According to new research, calcium supplements are usually taken by elderly people and post-menopausal women to prevent their bones from thinning. Now, it may increase the risk of a heart attack. Researchers suggest that these drugs should be taken with caution.
Some of the earlier studies reported that higher calcium intake is associated with a reduction in the risk of heart disease. The new research showed that there is a major difference between calcium obtained from dietary sources and those in supplements.
In this study, data from 23,980 German men and women between the ages of 35-years-old and 64-years-old, participating in the European Prospective Investigation into Cancer and Nutrition was analyzed. Those who had a moderate intake of 820 mg of calcium had a 31% reduction in the risk of heart attack when compared to those who had a lower intake. There was no significant reduction in the risk in people who had more than 1,100 mg per day.
The study reported that people who were having calcium-containing supplements were 86% more likely to have a heart attack when compared to those who did not have supplements. In those who had only calcium supplements, the risk for a heart attack doubled.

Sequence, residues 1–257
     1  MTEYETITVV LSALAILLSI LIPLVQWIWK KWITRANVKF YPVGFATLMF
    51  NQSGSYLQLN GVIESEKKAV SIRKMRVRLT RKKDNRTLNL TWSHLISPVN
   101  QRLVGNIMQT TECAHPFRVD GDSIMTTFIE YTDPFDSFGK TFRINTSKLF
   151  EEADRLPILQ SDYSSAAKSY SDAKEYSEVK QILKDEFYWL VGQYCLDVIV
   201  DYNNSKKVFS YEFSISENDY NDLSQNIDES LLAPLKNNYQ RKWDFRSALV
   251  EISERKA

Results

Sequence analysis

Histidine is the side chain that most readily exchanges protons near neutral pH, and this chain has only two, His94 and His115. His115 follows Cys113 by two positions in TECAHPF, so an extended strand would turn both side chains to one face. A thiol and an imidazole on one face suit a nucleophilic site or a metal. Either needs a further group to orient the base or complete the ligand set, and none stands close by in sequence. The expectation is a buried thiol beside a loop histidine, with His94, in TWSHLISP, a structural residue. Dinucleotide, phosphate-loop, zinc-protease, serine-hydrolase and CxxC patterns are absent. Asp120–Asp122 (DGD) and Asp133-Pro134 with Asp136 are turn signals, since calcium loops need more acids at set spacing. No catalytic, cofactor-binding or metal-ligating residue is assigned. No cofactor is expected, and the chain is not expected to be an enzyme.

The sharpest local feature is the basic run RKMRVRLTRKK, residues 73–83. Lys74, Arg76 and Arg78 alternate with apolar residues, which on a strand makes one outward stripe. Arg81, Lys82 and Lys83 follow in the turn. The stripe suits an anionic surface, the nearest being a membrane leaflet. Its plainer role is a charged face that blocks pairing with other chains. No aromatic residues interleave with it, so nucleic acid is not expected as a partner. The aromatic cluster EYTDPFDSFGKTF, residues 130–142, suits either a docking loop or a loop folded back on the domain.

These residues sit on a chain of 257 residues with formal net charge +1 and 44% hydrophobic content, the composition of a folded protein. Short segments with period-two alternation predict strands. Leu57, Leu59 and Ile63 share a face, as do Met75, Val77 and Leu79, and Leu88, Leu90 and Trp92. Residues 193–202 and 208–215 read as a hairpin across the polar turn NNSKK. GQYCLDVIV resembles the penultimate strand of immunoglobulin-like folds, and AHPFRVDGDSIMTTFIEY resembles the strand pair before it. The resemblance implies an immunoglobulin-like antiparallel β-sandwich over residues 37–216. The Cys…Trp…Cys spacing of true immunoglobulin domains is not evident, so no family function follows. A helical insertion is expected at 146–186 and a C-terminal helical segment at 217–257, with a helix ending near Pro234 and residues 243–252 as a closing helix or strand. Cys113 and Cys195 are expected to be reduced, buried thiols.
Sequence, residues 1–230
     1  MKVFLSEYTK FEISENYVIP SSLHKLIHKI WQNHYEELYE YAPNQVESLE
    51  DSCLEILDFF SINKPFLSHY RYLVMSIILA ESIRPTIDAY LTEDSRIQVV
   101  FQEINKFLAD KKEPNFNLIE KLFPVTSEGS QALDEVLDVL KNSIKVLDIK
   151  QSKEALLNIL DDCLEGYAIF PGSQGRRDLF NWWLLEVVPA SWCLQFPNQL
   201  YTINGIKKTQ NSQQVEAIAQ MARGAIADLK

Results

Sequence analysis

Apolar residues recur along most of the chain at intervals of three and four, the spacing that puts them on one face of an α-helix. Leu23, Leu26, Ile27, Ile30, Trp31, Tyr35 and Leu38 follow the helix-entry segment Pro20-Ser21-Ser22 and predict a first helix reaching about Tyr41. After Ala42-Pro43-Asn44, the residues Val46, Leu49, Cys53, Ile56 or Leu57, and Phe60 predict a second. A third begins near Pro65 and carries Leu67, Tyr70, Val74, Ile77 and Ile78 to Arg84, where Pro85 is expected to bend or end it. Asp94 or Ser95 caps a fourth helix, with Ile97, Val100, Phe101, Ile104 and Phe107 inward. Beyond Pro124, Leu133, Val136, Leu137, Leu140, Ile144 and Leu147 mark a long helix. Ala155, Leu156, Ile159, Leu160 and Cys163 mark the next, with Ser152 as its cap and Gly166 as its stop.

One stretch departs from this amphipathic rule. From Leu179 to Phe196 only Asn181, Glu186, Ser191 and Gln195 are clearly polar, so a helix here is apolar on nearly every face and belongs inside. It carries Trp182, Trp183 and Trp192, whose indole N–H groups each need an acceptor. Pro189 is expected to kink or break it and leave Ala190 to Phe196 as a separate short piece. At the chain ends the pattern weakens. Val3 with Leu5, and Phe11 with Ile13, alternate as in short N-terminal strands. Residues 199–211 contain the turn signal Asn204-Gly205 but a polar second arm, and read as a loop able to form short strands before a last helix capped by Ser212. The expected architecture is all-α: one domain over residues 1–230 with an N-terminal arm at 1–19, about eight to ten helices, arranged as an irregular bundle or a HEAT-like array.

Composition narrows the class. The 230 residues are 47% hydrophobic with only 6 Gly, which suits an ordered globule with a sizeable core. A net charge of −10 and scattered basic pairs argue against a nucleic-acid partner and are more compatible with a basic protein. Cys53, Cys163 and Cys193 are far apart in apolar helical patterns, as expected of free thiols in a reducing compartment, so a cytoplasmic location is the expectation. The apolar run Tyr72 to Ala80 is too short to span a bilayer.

According to Professor Sabine Rohrmann, from the University of Zurich, Switzerland, the study showed that increasing the dietary intake of calcium from dietary sources may not have any significant benefits for the heart, while calcium supplements should be taken with caution. Calcium supplements may increase the risk of myocardial infarction or heart attack, added Rohrmann.
Natasha Stewart, the British Heart Foundation’s senior cardiac nurse, clarifies that the study does not mean that supplements cause a heart attack. More studies are required to depict the relationship between heart attack and calcium supplements. Further research will also help to see whether the risks of supplements outweigh the benefits offered by the drug to patients with osteoporosis.